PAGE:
Corporate Brands Need Facelift to Fight the War of Talent in China
By Fanny Chan, Publisher,
About the author
20 Sep 2005

Powerful forces are shaping today's workforce and hampering companies' ability to attract and retain the talent they need to meet business priorities. Globalization, virtual work teams and the cross-penetration of markets by aggressive competitors demand a shorter and more flexible corporate planning cycle. Other important issues, such as the enforcement of corporate governance, the rise of the Asian economy and soaring oil prices, have changed the corporate landscape dramatically in recent times.

Consultancy McKinsey in 1998 coined the expression "War for Talent" (1,2), predicting the challenge of an "executive gap" an age of escalating competition to win superior talent , one triggered by global demographic, social and economic changes as populations in the developed world age and workforces shrink. . That age is now here. The public and private sectors now face a growing scarcity of executive talent.

The Human Capital Challenge in China
In the China context, these global trends in human capital management are playing out in particularly challenging ways. Although China has rapidly become a global economic force, at the same time a lack of skills has led to increasing labor shortages in many areas. As the economy grows and moves into higher value-added work, the challenge of attracting and retaining staff is rising with the skill level, as demand outstrips supply, especially in the mid-level and top-level leadership.

The establishment of many more foreign invested enterprises, 44,000 in 2004 alone(5), in recent years has steeply sharpened competition just as a much greater threat begins to come into focus ¡X the growing number of Chinese private sector companies able to offer competitive salaries and career paths for young, talented Chinese.

As a consequence of this competition, the salaries of technical and professional staff at multinationals in China have increased 25 percent in the last three years and job-hopping has become endemic. Turnover among skilled managers is in the 30 to 40 percent range annually, versus a global average of 5 to 10 percent.

Revisiting the Talent Management Strategy
The talent game is changing and companies must now make talent management a top priority, create and perpetually refine their employee value proposition, source and, above all, develop talent systematically.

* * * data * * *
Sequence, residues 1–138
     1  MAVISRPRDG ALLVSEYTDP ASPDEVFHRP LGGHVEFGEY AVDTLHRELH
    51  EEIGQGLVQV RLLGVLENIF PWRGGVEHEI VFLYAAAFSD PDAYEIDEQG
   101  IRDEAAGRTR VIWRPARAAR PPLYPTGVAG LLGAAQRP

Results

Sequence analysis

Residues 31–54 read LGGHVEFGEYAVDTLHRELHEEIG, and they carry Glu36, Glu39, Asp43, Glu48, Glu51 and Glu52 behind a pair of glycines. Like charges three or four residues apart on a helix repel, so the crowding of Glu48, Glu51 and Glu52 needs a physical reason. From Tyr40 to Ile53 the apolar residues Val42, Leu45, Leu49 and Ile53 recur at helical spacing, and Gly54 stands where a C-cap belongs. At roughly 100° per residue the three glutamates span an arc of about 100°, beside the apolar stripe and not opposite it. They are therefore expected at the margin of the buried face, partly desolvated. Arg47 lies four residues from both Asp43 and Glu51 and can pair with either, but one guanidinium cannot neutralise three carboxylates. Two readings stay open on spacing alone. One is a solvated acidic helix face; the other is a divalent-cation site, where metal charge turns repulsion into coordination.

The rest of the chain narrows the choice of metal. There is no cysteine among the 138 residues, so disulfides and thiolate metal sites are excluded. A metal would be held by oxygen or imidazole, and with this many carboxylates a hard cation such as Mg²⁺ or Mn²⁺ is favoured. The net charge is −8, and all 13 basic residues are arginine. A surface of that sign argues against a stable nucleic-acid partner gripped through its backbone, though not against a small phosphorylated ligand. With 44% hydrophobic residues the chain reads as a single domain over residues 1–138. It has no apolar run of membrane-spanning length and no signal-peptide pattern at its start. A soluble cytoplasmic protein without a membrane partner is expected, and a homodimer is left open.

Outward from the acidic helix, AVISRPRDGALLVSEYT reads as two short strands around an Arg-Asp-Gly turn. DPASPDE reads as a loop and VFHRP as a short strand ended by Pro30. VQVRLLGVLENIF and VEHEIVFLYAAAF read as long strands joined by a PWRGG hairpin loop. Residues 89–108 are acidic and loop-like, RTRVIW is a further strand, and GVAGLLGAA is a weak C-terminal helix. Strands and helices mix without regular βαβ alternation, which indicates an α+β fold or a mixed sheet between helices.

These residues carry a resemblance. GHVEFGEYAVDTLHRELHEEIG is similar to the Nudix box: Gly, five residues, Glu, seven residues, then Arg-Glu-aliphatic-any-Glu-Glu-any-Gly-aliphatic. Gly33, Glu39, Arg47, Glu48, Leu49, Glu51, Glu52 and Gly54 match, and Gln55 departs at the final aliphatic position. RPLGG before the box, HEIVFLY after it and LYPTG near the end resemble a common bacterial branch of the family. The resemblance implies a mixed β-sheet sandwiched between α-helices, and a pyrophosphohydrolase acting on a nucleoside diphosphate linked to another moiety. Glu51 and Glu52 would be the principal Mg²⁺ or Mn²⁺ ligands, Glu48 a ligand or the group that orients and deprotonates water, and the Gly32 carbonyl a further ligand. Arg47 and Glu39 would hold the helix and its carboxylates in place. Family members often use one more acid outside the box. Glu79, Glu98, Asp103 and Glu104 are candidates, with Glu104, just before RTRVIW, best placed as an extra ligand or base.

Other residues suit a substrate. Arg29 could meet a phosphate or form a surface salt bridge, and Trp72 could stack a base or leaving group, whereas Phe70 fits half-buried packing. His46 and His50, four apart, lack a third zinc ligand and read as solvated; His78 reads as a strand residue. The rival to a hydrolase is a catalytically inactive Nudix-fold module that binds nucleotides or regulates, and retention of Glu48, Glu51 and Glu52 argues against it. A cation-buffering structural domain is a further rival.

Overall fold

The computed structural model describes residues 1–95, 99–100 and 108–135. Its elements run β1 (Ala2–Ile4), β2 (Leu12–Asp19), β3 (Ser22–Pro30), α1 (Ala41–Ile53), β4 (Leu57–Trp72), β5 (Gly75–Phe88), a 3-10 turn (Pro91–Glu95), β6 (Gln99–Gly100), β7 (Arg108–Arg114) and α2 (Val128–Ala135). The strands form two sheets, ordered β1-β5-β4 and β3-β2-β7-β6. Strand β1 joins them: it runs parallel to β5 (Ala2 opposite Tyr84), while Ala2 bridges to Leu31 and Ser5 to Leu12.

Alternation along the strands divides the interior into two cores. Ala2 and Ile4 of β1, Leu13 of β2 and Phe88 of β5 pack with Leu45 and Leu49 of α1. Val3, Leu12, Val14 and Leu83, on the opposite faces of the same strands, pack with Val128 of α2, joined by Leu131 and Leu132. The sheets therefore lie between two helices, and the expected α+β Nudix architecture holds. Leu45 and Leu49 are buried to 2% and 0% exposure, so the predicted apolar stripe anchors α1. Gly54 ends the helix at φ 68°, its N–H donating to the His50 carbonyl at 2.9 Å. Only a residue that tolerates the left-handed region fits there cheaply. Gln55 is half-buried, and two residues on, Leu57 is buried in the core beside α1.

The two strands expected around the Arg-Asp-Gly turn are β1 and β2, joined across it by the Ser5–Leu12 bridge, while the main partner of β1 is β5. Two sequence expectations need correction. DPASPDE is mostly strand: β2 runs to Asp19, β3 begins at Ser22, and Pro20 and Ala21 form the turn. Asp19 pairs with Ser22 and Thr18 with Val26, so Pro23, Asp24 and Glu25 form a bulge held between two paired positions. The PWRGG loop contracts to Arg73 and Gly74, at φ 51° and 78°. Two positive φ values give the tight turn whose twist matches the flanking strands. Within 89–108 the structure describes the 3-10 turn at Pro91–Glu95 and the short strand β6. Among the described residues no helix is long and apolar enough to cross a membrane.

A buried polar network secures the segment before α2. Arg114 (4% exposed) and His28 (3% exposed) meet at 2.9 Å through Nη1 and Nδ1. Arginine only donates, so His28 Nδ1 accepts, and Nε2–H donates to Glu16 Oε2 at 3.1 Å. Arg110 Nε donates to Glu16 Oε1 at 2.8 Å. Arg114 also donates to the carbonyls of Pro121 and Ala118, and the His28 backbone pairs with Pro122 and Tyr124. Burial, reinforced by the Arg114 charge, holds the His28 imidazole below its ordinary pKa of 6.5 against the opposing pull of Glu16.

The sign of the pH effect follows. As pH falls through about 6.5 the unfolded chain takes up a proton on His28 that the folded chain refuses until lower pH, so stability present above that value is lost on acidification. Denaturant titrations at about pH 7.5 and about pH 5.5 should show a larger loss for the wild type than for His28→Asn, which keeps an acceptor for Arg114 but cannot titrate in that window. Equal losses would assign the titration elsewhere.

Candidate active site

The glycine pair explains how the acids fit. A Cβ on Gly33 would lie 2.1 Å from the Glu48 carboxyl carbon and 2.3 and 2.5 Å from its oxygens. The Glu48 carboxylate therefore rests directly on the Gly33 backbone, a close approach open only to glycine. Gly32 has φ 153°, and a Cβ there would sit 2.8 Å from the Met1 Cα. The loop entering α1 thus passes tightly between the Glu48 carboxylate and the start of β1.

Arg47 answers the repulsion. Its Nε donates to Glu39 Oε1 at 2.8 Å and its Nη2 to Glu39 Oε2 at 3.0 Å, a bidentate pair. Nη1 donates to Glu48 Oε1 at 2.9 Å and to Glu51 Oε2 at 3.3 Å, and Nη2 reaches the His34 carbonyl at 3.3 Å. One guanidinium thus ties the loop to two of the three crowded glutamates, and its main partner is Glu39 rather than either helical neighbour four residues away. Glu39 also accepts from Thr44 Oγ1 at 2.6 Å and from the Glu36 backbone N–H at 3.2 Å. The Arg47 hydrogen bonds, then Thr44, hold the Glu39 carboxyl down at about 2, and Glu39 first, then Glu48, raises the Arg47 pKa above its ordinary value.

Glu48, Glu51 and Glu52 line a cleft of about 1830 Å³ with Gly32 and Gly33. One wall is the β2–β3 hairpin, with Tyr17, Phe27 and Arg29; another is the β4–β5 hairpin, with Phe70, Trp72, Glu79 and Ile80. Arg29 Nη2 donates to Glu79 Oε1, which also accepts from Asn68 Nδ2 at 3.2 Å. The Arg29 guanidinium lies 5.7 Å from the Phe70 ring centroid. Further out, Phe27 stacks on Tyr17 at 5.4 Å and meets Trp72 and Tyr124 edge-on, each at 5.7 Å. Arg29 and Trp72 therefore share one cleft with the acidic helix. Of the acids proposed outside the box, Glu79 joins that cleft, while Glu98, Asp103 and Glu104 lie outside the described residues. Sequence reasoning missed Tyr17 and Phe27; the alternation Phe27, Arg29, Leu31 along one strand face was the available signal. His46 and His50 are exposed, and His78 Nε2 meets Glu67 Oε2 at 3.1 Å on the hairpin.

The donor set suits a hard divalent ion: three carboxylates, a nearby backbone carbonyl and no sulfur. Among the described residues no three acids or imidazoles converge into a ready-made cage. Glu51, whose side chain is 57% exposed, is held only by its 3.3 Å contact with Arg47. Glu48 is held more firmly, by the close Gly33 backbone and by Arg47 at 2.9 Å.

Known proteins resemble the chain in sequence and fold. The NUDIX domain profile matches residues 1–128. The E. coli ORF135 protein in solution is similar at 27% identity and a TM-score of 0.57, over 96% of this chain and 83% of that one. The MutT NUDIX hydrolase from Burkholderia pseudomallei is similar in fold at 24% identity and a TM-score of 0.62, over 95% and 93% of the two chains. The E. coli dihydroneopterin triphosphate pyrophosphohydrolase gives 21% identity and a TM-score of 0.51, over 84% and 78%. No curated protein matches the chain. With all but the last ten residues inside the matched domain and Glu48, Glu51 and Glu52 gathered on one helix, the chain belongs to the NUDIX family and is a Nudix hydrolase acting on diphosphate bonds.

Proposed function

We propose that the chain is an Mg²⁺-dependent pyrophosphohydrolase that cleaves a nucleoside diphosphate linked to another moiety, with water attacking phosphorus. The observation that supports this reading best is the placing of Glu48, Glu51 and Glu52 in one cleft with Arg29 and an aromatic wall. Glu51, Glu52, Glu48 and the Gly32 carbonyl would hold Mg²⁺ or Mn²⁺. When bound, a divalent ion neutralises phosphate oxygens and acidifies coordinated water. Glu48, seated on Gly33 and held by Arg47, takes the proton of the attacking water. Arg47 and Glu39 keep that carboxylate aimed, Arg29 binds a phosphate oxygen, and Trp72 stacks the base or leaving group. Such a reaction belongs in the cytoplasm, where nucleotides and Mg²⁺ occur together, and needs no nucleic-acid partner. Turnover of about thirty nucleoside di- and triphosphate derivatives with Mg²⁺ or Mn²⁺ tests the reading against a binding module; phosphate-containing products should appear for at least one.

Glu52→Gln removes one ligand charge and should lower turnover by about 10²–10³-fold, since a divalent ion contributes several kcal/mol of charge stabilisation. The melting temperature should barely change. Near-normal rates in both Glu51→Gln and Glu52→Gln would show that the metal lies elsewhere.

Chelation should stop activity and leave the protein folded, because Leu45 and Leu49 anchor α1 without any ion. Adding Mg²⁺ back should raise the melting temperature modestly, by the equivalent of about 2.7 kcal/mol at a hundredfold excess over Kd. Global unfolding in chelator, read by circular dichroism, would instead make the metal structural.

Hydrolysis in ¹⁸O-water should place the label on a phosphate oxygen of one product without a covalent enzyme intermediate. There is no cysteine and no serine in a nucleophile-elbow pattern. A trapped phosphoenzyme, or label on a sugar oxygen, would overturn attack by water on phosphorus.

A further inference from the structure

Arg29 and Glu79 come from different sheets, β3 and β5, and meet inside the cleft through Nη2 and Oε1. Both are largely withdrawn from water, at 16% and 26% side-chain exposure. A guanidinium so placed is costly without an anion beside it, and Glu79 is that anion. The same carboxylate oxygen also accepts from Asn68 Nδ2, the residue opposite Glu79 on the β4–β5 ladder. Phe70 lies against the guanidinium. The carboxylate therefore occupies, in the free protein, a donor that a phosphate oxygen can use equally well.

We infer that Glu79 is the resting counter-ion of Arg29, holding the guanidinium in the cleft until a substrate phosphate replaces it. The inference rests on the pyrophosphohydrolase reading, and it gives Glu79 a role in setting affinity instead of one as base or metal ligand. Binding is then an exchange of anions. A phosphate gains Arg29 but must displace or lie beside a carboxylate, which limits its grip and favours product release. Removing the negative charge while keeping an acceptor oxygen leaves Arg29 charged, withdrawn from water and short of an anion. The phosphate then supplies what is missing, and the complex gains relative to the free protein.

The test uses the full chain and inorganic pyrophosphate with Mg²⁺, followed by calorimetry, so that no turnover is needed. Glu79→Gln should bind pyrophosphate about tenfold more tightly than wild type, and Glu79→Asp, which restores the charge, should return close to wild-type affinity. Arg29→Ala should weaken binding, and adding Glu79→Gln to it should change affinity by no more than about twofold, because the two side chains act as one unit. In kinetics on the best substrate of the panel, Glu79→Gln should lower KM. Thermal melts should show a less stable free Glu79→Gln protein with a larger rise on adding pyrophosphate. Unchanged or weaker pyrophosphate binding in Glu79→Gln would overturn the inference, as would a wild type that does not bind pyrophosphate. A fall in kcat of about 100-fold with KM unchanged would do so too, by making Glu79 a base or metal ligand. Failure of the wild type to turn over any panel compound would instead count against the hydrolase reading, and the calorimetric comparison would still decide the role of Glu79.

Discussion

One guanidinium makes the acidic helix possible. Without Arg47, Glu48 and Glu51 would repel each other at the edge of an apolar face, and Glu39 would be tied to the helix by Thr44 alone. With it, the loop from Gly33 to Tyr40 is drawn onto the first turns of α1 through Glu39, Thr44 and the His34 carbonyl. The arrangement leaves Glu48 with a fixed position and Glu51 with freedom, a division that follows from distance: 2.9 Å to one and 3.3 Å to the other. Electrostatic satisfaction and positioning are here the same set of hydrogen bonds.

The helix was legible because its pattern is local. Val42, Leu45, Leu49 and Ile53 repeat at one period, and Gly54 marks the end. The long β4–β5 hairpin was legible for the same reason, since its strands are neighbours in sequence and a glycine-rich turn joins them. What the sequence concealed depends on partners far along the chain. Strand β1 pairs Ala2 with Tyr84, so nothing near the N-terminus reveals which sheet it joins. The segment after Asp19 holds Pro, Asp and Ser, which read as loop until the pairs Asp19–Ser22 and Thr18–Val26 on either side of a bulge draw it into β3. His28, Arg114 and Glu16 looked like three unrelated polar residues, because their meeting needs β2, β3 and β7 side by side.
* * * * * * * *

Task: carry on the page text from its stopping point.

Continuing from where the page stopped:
Peter Drucker wrote about "attracting and holding knowledge workers in the next society".(3) Said Drucker: "Knowledge workers know when they can leave. They have both the mobility and confidence. This means they have to be treated and managed as volunteers...The first thing such people want to know is what the company is trying to do and where it is going. Next, they are interested in personal achievement and personal responsibility - which means they have to be put into the right job. Knowledge workers expect continuous learning and continuous training. Above all, they want respect¡Kfor the area of their knowledge".

Deloitte recently published a study on talent management strategy (4) and surveyed on top employees' expectation from their employers. The responses echo Drucker's earlier insight on managing talents to provide them with challenge and growth. The top three responses were: 1) interesting and challenging work, 2) open and two-way communication, 3) opportunity for growth and development. Monetary rewards came eighth.

Business leaders should revisit their talent management strategy regarding their top talents in order to identify talent and develop critical skills within their companies -- skills that will allow both employees and companies to reach new levels of performance. Companies need to engage existing talent and stretch its horizons and possibilities, by deploying talent in new and exciting ways in "stretch" assignments, while allowing employees to learn. They will also need to find multiple careers within the same organization for employees by connecting them to their peers and other professionals whom they can learn from and explore other career opportunities.